Fertility Surgery

Fertility Surgery Correct Uterine Septums, Blocked Tubes & Fibroids

A reproductive surgeon is an obgyn specifically trained in the surgical correction of anatomical disorders that affect reproductive function. Fertility surgery may be performed through a major surgical procedure, termed laparotomy, or a relatively minor surgical procedure, termed endoscopy.

In a laparotomy procedure, an incision is made in the lower abdomen, which enables the surgeon to have direct access to all structures of the pelvis. This procedure requires hospitalization and a four to six week period of recovery.

Fertility surgery may also be conducted through endoscopy, which is an outpatient procedure. Endoscopy involves the use of either a laparoscope (a small telescope inserted into the abdominal wall) or a hysteroscope (a small telescope inserted within the uterine cavity). Endo surgical procedures are usually performed on an out-patient basis.

Blocked Fallopian Tubes or Tuboplasty

Patients experiencing infertility may have a blockage of the fallopian tubes either at their insertion into the uterus (proximal occlusion) or at the ends (fimbria) of the fallopian tubes. To successfully reopen a fallopian tube, tuboplasty (surgery on the fallopian tubes) may be performed via laparotomy or laparoscopy.

If the obstruction is present at the proximal (where the fallopian tube inserts into the uterus) portion of the fallopian tube, success in opening the tube may be accomplished by hysteroscopy, an outpatient procedure. In this procedure, the blocked proximal portions of the tubes may be opened with a thin dilator. If the distal (farthest) portion of the fallopian tube is blocked, it may be opened either through microsurgery or by laparoscopic surgery.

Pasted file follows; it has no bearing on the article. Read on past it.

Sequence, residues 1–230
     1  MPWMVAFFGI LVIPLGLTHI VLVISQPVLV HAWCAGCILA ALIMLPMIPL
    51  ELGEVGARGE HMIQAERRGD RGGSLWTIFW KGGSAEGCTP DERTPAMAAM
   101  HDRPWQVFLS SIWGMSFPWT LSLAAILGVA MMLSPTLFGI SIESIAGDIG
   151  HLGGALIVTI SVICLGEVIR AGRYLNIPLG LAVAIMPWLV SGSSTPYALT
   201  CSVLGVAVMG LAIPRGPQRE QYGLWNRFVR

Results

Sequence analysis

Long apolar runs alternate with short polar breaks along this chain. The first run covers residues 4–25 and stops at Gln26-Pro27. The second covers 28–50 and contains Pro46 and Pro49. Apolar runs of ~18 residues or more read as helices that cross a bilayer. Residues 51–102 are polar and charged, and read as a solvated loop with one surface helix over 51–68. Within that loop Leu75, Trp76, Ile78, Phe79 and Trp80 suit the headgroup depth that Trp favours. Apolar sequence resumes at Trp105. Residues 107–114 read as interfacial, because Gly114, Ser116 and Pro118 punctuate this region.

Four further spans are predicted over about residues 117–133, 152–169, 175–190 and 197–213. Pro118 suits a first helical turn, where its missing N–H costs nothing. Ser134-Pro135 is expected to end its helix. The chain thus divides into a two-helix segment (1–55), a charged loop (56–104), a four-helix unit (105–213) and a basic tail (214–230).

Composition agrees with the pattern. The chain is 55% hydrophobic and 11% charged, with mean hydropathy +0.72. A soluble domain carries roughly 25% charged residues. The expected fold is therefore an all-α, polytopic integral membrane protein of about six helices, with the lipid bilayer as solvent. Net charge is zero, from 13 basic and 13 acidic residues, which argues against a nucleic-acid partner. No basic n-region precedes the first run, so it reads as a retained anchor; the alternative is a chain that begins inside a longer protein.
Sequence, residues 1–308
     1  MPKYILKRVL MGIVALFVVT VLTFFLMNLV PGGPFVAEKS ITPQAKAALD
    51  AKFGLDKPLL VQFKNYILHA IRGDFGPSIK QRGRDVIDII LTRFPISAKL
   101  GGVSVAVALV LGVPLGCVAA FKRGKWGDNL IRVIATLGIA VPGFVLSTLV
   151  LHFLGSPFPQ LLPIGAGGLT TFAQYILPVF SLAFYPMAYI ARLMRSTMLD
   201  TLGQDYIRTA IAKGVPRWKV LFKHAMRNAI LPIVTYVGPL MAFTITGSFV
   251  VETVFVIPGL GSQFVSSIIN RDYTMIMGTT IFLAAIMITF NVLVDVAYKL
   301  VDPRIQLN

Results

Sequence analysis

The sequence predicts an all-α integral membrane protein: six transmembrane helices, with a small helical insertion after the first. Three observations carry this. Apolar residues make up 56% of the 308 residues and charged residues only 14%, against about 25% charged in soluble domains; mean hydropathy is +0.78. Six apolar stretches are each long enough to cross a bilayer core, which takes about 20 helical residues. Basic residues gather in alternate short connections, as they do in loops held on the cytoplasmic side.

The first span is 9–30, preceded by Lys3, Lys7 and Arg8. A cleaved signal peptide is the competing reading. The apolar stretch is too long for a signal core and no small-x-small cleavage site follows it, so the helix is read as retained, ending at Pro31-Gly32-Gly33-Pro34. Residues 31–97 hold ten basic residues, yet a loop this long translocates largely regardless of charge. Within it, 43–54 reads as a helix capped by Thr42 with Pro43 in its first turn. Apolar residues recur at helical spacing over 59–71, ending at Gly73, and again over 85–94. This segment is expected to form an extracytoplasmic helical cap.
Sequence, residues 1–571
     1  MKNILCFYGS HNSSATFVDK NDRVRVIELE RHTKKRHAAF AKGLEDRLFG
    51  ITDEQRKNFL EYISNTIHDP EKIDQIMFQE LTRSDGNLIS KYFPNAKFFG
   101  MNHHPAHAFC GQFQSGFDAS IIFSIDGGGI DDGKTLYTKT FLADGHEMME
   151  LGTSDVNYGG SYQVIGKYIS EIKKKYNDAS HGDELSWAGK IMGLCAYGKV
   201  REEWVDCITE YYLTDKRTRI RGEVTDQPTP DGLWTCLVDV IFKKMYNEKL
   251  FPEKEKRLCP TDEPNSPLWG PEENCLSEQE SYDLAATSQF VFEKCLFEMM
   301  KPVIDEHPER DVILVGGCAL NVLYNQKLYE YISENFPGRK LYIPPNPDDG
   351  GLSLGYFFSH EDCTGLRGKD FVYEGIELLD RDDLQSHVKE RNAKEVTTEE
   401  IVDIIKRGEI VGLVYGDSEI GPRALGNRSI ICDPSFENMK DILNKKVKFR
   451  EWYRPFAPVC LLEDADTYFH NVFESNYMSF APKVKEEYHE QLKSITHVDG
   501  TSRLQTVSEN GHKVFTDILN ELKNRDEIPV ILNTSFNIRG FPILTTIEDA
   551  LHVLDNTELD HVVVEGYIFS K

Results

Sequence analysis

Tubal Reanastomosis, Tubal Reversal

Patients who have had their fallopian tubes tied or cauterized may, for a variety of reasons, wish to restore their fertility. This may be accomplished by a procedure performed on the fallopian tubes termed tubal reanastomosis.

Correction of Uterine Abnormalities

During fetal development, abnormalities of the uterus, fallopian tubes, or vagina may occur. Such malformations may contribute to infertility, severe pelvic pain, or recurrent pregnancy loss. Dr Kaufmann has vast experience in surgically correcting these problems. Many procedures can be performed on an outpatient basis.

Removal of Scar Tissue

Infertility or pelvic pain may be the result of scar tissue that has developed from previous abdominal or pelvic surgery, endometriosis or pelvic infections. In the majority of cases, adhesiolysis (removal of scar tissue) may be performed in our surgical outpatient unit via laparoscopy. Scar tissue that has developed within the uterine cavity may also be removed via hysteroscopy performed as an outpatient.

Removal of Fibroid Tumors

Approximately 30 percent of patients will have leiomyomata uteri (fibroid tumors). Fibroid tumors may be asymptomatic or may cause excessive uterine bleeding, recurrent miscarriages, pain, pressure, or severe anemia. Dr Kaufmann and Dr. Patel excel in removing fibroid tumors via laparoscopy, laparotomy, or, in select cases, by outpatient hysteroscopy.

Removal of Endometriosis

Endometriosis is a common cause of infertility. Up to 40 percent of patients with infertility may have this condition. Endometriosis is also one of the most common causes of severe pelvic pain in women of reproductive age and may cause severe pelvic adhesions. In addition, endometriosis involving the bladder or bowel may trigger progressive gastrointestinal and urinary problems. Treating endometriosis can be done via medication or through laparotomy or laparoscopy.